- Date published:
2:30 pm, September 30th, 2018 - 7 comments
Categories: Abuse of power, australian politics, censorship, corruption, Deep stuff, democracy under attack, Media, Politics, Propaganda, the praiseworthy and the pitiful, you couldn't make this shit up - Tags:
Reprinted with permission from the Failed Estate blogsite.
With Australians trusting media platforms less than do people in just about every other country, why would you set about dismantling the one institution they trust the most?
The Australian Broadcasting Corporation, our 86-year-old taxpayer-funded and constantly beleaguered public broadcaster, regularly tops surveys as one of the country’s few remaining highly trusted institutions, in the media or otherwise.
This trend was reinforced again in the past week when the UTS Centre for Media Transition in Sydney released findings of a qualitative study of trust in the news media in Australia. Interviewing 34 participants at workshops in Sydney and Tamworth, the researchers found what is becoming a familiar theme in a disintermediated world – with trust shifting away from institutions to peer-to-peer models.
The most frequent complaints about media from participants were of feeling variously overwhelmed, bombarded, manipulated and infuriated. There was a sense among many of being treated like idiots, with news over-hyped and dumbed-down by commercial players trying to attract eyeballs in an increasingly crowded landscape of traditional and social media platforms. Asked to name what was missing, participants frequently cited accuracy, credibility and reliability.
It seems people are tired of advertising dressed up as news, tired of hyped and breathless ‘live and happening’ beat-ups, tired of ‘he-said-she-said’ recitation of opposing claims without any context or verification, tired of the lazy promotion of calculated outrage merchants who seek to monetise hatred as a business model, and tired of partisan journalism that deliberately distorts or cherry-picks facts in support of an ideological and commercial agenda.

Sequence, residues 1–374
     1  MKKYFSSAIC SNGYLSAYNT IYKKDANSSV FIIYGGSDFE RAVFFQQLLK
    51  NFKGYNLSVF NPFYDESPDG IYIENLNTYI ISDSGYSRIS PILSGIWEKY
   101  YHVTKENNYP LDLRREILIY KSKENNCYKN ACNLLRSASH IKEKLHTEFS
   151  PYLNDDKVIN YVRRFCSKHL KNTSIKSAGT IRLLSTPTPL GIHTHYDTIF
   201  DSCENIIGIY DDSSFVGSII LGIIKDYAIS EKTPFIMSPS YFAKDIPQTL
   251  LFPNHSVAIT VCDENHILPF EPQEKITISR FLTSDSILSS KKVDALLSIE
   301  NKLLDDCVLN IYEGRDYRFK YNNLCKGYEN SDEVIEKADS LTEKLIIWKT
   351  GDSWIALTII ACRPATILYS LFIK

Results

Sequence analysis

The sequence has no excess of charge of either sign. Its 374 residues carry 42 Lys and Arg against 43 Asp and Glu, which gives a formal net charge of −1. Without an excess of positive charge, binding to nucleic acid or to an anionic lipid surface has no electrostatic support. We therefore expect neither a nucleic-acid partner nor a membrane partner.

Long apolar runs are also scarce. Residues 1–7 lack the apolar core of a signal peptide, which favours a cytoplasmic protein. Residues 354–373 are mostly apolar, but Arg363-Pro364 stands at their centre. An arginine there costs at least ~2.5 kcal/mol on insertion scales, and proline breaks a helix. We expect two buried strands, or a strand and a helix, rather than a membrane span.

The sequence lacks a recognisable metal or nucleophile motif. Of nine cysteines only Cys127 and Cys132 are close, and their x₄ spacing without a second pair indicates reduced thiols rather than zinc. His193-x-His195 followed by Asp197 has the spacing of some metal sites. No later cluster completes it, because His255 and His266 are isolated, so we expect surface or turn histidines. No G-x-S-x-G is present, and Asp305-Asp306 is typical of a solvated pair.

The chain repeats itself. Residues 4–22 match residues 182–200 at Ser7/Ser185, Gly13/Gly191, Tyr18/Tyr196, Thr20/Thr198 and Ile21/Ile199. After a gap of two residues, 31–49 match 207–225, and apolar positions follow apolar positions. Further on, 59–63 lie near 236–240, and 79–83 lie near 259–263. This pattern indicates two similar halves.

Which is precisely why, wouldn’t you think, that in a climate of clickbait, crude cross-promotion and calculated deception by dark forces there would be a substantial societal premium in having a non-commercial, taxpayer-funded broadcaster with a strong charter to act in the public interest? Indeed, the UTS survey found that amid all the negativity around the media generally, it was the ABC that consistently emerged as participants’ most trusted and well-regarded source of news.
“I access sources like ABC News because I feel that there is some onus on them to be more reliable,” said one participant. ““They have more accountability because they’re taxpayer-funded. Should they do the wrong thing, they’re accountable to a whole range of people, not just advertisers and editors.”
Yet, despite survey after survey finding widespread public support for a strong ABC, our ‘conservative’ government and its cheer squad in the plutocrat-funded think tanks and News Corporation seem determined to wreck it.